Omega’s Olympic record of timing inventions
When a tenth or a thousandth of a second can make or break a career, timing is everything. Ever since the first modern Olympic Games, held in Athens in 1896, time measurement has been the pivot around which the event turns. It’s a serious job for serious timekeepers.
A few watch brands have taken on the task in the hundred-odd years of the event’s history. Swiss motorsports timer Heuer (it acquired the TAG prefix in 1985) was a natural partner in the 1920s, while Seiko has also been timekeeper for several Games. But it is the Biel based brand Omega that has had the most consistent link, and London 2012 marks its 25th outing as Official Timekeeper.
It’s no mere brand-endorsement exercise, either: the pursuit of ever more precise timing is what makes the watch world tick, but the Official Timekeeper is under scrutiny to develop equipment that is not just up to the job but that is better at it. Hence, affiliated watch companies have always poured huge resources into sports-timing technology.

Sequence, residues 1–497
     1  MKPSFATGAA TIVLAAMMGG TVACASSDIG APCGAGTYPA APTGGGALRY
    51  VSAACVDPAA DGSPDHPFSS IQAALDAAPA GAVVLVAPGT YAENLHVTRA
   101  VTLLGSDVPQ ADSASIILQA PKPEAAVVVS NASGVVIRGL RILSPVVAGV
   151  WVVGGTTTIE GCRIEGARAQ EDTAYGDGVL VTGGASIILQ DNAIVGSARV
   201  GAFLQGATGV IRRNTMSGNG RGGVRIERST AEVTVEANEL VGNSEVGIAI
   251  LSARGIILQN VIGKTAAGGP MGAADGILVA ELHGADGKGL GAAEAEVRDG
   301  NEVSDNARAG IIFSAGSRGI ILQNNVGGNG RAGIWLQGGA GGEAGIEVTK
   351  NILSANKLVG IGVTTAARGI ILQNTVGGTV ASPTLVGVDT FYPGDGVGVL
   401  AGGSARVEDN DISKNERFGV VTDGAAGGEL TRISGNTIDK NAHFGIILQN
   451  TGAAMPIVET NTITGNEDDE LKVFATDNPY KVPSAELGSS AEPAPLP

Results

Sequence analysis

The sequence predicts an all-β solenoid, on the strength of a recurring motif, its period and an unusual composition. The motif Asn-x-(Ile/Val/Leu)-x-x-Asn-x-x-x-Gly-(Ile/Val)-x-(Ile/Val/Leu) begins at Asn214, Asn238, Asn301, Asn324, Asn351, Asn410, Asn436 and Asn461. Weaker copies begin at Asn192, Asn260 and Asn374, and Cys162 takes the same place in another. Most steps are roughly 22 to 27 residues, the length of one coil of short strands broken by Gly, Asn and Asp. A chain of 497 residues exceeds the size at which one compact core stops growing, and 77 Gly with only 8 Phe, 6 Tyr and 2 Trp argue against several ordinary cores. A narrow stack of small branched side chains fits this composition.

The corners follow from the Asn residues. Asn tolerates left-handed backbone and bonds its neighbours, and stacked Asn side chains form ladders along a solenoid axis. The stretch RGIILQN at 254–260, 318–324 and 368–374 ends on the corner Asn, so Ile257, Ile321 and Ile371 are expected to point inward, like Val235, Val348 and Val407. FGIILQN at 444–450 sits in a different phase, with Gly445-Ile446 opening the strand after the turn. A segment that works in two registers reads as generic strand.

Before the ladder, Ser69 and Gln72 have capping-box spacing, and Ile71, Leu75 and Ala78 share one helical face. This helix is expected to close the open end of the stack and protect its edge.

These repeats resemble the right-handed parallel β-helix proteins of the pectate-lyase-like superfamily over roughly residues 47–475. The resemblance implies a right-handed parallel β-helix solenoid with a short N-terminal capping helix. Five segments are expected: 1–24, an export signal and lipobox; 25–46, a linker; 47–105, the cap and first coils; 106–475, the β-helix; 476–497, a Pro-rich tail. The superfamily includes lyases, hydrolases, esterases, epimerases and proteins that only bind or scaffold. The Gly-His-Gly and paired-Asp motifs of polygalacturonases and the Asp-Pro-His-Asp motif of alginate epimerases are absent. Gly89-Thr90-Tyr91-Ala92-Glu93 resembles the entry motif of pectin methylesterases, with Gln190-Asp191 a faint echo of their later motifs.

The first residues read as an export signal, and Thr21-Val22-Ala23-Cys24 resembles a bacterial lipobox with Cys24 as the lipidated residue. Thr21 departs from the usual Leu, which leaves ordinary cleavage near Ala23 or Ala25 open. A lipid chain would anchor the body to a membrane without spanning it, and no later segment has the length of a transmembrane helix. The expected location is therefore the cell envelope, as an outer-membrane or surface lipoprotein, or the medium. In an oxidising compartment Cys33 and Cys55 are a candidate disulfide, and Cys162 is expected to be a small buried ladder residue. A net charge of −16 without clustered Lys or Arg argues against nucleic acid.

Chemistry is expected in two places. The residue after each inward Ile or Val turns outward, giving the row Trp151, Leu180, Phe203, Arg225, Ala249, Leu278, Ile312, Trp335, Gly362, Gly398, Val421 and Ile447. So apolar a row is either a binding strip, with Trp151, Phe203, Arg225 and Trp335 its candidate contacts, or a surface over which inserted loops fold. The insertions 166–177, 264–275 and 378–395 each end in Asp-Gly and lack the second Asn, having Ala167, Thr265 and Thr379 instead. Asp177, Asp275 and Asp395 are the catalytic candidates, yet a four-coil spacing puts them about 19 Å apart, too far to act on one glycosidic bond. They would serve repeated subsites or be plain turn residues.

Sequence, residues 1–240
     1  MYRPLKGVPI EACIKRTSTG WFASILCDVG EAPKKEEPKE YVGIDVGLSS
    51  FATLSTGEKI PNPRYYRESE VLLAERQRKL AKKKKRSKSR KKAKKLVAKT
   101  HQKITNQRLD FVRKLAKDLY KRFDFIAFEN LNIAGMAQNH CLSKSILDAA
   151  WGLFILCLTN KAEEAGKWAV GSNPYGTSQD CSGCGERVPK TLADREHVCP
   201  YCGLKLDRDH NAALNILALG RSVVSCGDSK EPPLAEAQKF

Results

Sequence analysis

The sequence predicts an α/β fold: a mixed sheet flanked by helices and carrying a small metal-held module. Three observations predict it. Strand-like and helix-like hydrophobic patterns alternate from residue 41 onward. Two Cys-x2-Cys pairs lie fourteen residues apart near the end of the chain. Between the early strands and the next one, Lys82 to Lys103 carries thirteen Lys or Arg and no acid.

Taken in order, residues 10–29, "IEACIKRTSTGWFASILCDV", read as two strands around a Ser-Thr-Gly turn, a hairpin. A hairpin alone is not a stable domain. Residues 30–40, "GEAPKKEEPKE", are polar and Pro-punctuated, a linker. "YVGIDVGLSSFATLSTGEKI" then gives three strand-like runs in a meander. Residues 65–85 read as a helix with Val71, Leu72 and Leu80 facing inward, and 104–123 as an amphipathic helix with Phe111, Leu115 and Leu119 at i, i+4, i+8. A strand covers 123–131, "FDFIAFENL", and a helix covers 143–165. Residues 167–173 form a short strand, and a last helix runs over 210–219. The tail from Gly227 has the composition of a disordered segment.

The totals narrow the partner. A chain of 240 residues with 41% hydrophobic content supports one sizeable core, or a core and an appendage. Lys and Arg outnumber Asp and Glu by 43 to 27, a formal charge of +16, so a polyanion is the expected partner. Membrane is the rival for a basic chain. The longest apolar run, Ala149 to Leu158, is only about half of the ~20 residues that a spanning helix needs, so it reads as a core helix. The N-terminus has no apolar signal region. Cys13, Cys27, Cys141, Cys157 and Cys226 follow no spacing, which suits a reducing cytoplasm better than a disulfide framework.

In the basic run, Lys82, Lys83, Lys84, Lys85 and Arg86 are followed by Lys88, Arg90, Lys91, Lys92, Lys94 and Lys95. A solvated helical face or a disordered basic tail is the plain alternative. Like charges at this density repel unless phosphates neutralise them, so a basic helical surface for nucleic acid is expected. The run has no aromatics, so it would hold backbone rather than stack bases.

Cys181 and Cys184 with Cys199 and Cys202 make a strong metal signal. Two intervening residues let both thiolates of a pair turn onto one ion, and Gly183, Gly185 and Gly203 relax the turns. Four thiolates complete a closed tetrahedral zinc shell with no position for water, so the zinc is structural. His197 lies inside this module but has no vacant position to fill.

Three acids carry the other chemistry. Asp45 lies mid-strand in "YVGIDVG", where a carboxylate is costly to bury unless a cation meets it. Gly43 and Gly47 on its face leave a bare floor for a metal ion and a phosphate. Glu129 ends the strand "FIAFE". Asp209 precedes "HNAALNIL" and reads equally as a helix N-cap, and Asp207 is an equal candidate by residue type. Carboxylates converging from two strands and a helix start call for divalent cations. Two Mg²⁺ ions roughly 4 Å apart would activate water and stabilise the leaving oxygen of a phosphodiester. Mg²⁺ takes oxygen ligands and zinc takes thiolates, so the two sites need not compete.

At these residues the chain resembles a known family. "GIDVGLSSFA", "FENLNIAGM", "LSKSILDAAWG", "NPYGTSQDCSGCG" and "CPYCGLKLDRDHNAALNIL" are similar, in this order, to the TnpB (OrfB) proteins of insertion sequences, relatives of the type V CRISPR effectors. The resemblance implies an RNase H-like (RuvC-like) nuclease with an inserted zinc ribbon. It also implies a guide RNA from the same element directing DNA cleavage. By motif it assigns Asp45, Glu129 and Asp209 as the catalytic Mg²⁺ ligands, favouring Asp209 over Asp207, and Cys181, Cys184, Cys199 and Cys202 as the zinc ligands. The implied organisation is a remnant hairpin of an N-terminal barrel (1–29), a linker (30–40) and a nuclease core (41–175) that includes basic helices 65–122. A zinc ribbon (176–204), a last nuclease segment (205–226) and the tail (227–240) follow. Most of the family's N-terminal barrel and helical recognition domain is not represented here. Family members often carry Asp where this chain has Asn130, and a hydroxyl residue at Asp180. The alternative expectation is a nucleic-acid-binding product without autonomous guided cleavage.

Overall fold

And, because Omega has presided over a century of change - when stopwatch holders at the touchline reluctantly gave way to electronic timers then digital methods – the company’s role as a technology pioneer is pretty impressive. Its engineers have spent decades developing kit that is not only elegantly designed – so as not to impede audience views of athletes crossing the finishing lines – but that performs and concurs with the demands of athletes, officials and the millions of people who watch the Olympic Games on television.
Take the Omegascope, which launched in 1961. By enabling live running times to be relayed on television for the first time, it directly engaged audiences, enhancing viewer experience, making broadcasting history while it was at it.
Naturally, Olympics timekeeping is computer-based now, but Omega continues to accelerate change, propelling the future of sporting performance along with it. Practising swimmers at Zaha Hadid’s Aquatics Centre in east London were recently asked whether improvements in Omega’s touch-pad technology – a system that responds to a swimmer’s touch but not the movement of the water – would pass muster.
Here, as part of our inaugural Sports Special (out now), we chart Omega’s unbeatable track record of Olympic timing inventions, from the 1920s up to the impending 2012 London games.